San Jose, Calif. – Patience is a virtue.
There is little doubt that the West Virginia University women’s soccer program is more than familiar with the well-known adage.
The Mountaineers have never played a match in the month of December prior to this weekend’s NCAA College Cup appearance. They came close. Just last season, they surged ahead to the No. 2 national ranking, claimed another Big 12 Conference regular-season trophy, strung together a 16-match unbeaten streak….and fell just short of the goal, bowing out of the 2015 NCAA Tournament with a 2-0 loss at eventual National Champion Penn State on Nov. 28.
Nine seasons ago, the program legitimized itself as an annual threat, as the Mountaineers claimed their first Big East Conference Championship with a 1-1 draw against Notre Dame on Nov. 11, 2007, at Dick Dlesk Soccer Stadium. Three straight wins, including a 1-0 victory at Penn State on Nov. 24, pushed the Mountaineers into the NCAA Tournament Quarterfinals for the first time in program history. Playing in front of 3,000+ fans, the Mountaineers fell, 1-0, to eventual National Champion USC, on Nov. 30.
The Mountaineers have had their chances over the years, but never before have they capitalized on the opportunities like they have this season.
Simply put, the 2016 WVU women’s soccer team is special. Whether the qualifier is wins (23), shutouts (18), All-Americans (3) or conference titles (2), there’s no denying that this squad is unlike any that came before it.
To steal coach Nikki Izzo-Brown’s favorite descriptor, the 2016 Mountaineers have an iron will that cannot be deterred. The examples are plenty. In her 21st season with the program she founded in 1995, Izzo-Brown, the five-time reigning Big 12 Coach of the Year, has utilized 10 different starting lineups. The very first lineup of the season came back from a 1-0 deficit to earn a 1-1 draw in front of 5,791 fans at defending NCAA champion Penn State on Aug. 19. Six games later, WVU justified its claim as a serious contender for the 2016 national title with a 3-1 victory at No. 6 Duke on Sept. 9, again with a different lineup then the one used in the week prior.
The program’s first-ever No. 1 national ranking followed the win, but the moment was sullied by a narrow, 1-0, double-overtime defeat to No. 9 Georgetown on Sept. 18, at Dick Dlesk Soccer Stadium. The loss snapped a 30-match unbeaten streak in home matches, but not the Mountaineers’ resolve, as they followed with a 4-1 win at Richmond on Sept. 23 and then promptly did what no other program before them had accomplished – posted a shutout season against Big 12 opposition. WVU held its eight conference foes to a combined 15 shots on-goal, with all but Texas placing two of fewer chances on-frame.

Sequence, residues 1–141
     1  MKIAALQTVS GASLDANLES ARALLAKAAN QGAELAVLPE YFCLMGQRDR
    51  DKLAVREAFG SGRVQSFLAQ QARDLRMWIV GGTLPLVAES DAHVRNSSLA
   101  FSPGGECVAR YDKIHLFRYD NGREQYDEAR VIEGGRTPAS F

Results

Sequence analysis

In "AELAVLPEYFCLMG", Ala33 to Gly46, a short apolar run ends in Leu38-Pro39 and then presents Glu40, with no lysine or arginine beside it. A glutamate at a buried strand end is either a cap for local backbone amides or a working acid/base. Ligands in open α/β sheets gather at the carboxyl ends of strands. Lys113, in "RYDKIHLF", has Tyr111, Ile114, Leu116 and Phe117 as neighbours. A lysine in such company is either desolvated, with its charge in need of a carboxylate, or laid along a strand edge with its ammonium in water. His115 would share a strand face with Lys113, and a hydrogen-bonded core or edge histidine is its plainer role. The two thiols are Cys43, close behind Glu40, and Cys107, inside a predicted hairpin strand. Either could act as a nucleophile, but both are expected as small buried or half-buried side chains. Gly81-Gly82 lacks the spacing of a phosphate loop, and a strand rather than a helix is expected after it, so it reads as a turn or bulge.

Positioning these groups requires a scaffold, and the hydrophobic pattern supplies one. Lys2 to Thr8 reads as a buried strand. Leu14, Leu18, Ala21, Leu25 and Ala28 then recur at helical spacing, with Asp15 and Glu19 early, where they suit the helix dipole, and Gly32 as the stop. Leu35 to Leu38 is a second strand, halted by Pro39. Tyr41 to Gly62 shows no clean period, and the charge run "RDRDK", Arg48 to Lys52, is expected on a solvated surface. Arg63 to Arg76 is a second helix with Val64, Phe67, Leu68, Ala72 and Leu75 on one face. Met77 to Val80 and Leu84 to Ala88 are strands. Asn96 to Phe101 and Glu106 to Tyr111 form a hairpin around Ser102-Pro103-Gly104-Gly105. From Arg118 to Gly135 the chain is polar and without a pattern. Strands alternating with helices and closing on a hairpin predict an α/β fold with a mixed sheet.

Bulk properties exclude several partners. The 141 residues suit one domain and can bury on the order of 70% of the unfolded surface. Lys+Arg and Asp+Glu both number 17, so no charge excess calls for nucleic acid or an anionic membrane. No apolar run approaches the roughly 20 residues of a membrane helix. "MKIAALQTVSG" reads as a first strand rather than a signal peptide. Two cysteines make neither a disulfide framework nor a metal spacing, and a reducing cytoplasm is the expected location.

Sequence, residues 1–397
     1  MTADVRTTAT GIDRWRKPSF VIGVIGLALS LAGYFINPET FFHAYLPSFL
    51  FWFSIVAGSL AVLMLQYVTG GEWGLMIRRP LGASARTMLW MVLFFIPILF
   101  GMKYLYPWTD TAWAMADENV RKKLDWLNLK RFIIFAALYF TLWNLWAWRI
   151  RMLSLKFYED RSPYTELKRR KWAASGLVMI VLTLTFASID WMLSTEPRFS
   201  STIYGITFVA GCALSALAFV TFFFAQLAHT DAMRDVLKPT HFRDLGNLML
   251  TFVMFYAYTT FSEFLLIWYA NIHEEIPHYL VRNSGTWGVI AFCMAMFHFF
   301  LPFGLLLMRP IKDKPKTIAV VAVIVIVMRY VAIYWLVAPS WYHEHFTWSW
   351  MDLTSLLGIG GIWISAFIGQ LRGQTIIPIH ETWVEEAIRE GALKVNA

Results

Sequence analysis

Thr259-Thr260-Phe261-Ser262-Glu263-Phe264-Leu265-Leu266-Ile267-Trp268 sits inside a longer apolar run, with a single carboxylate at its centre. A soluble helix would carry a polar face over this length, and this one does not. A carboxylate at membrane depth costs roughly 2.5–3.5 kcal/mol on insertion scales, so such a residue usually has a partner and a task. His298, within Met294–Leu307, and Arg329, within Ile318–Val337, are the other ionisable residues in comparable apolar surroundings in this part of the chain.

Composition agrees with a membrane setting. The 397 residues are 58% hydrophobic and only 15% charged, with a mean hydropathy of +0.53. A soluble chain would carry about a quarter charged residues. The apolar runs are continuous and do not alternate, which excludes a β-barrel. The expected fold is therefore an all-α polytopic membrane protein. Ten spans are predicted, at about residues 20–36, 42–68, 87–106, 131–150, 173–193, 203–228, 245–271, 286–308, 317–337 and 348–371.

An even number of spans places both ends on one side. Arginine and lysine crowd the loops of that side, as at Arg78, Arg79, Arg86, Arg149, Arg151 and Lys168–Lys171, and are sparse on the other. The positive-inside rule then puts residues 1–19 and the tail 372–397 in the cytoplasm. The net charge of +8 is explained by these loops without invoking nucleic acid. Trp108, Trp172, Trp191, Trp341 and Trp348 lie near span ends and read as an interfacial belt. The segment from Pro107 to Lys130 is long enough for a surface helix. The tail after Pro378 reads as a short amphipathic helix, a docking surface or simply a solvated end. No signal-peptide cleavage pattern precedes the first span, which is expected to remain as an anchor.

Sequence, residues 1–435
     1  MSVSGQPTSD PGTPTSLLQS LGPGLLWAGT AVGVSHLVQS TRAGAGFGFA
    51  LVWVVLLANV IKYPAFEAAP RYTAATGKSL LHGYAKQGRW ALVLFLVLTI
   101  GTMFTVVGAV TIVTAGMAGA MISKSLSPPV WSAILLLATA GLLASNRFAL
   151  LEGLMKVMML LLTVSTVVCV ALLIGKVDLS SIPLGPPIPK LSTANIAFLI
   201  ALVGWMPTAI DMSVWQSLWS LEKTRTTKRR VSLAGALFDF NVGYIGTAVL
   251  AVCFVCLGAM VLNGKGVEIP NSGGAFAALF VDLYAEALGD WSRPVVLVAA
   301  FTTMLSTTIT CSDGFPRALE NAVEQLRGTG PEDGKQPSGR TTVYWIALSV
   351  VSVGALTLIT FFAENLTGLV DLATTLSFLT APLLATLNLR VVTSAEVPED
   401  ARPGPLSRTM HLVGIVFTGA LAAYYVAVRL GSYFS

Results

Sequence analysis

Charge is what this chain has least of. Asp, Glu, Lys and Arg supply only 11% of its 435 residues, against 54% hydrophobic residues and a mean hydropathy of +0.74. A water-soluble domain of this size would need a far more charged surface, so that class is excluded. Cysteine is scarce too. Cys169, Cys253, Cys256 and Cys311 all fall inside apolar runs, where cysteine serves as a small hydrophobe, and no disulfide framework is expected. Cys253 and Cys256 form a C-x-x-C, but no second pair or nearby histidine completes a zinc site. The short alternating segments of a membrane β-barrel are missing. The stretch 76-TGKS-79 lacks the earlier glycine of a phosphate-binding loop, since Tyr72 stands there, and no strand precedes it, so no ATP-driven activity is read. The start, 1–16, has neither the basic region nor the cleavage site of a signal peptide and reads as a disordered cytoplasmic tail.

The season tests came fast and furious soon after the team claimed its fifth straight conference regular-season title. The Mountaineers faced their first two-goal deficit of the year on Nov. 6, as TCU tallied two early scores in the Big 12 Championship title match. The now-famous iron will shined bright that day, as the Mountaineers clawed their way back into the match, and goals from All-Americans Michaela Abam
, Buchanan and Lawrence, in overtime, locked up the team’s conference sweep.
For its efforts, WVU was awarded the program’s first NCAA Tournament No. 1 regional seed. The squad quickly dispatched of Northern Kentucky, 3-0, on Nov. 12. Ohio State proved to be a tougher challenge, forcing the Mountaineers into overtime, but a brilliant goal by Abam, the co-Big 12 Offensive Player of the Year, in the 104th minute, pushed the team into the third round in front of 2,471 fans in Morgantown.
Snow and a pesky UCLA team nearly derailed the Mountaineers in the third round. After jumping out to a 1-0 lead in the 23rd minute on Nov. 20, in Morgantown, WVU gave up a Bruin goal with 1:52 left to play in regulation. The team regrouped and forced a penalty-kick shootout. Junior goalkeeper Michelle Newhouse
came up big, making two stops, and Buchanan punched the team’s ticket to the quarterfinals with a make in the fifth round.
Advancing to the NCAA College Cup was not easy. WVU again clung to a one-goal lead, as junior midfielder Alli Magaletta
’s score in the 16th minute gave the Mountaineers a narrow edge against a determined Duke side. Freshman Rylee Foster
returned from the FIFA U-20 Women’s World Cup to make five stops, her highest save total since September, and the Mountaineers awarded 1,648 loyal fans with one final singing of “Country Roads” at Dick Dlesk Soccer Stadium with a 1-0 shutout against the Blue Devils.
A 1-0, statement-making win over No. 2-seed North Carolina in the College Cup Semifinal on Dec. 2 put the Mountaineers in their current position – hours away from potentially hoisting the program’s first-ever NCAA trophy. In only the second-ever meeting between the programs, WVU kicks against No. 7-ranked and second-seeded USC at 6 p.m. ET/3 p.m. PT, today, at Avaya Stadium, on ESPNU. The victor walks off the field with new hardware for its trophy case.
The Mountaineers play for history today. The Mountaineers play for their WVU women’s soccer family today. The Mountaineers play for all 3,000+ fans who attended the team’s first NCAA Quarterfinal match, and the 8,000+ fans who cheered for the team in Morgantown throughout the last month. Today, this team plays Mountaineer Nation.
The journey to this point was not quick for this program, and the path to this match was not easy for this team. Patience prevailed yet again, and tonight, the Mountaineers hope to cash in on years of hard work, perseverance and belief.